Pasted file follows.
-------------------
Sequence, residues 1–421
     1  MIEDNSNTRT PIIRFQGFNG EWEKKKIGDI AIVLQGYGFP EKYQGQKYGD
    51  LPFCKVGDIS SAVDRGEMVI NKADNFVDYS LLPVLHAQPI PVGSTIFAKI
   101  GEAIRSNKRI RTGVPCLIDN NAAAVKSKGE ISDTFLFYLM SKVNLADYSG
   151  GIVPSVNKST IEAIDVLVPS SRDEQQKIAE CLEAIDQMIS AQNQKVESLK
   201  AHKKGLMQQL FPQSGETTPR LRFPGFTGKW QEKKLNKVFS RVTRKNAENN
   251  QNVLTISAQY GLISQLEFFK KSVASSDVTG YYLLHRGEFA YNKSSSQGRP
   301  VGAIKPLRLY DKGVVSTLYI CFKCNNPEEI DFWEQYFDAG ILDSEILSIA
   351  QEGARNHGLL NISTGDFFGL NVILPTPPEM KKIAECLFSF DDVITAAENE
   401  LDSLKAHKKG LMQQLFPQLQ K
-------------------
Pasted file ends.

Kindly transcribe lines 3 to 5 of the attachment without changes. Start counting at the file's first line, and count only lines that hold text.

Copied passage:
    51  LPFCKVGDIS SAVDRGEMVI NKADNFVDYS LLPVLHAQPI PVGSTIFAKI
   101  GEAIRSNKRI RTGVPCLIDN NAAAVKSKGE ISDTFLFYLM SKVNLADYSG
   151  GIVPSVNKST IEAIDVLVPS SRDEQQKIAE CLEAIDQMIS AQNQKVESLK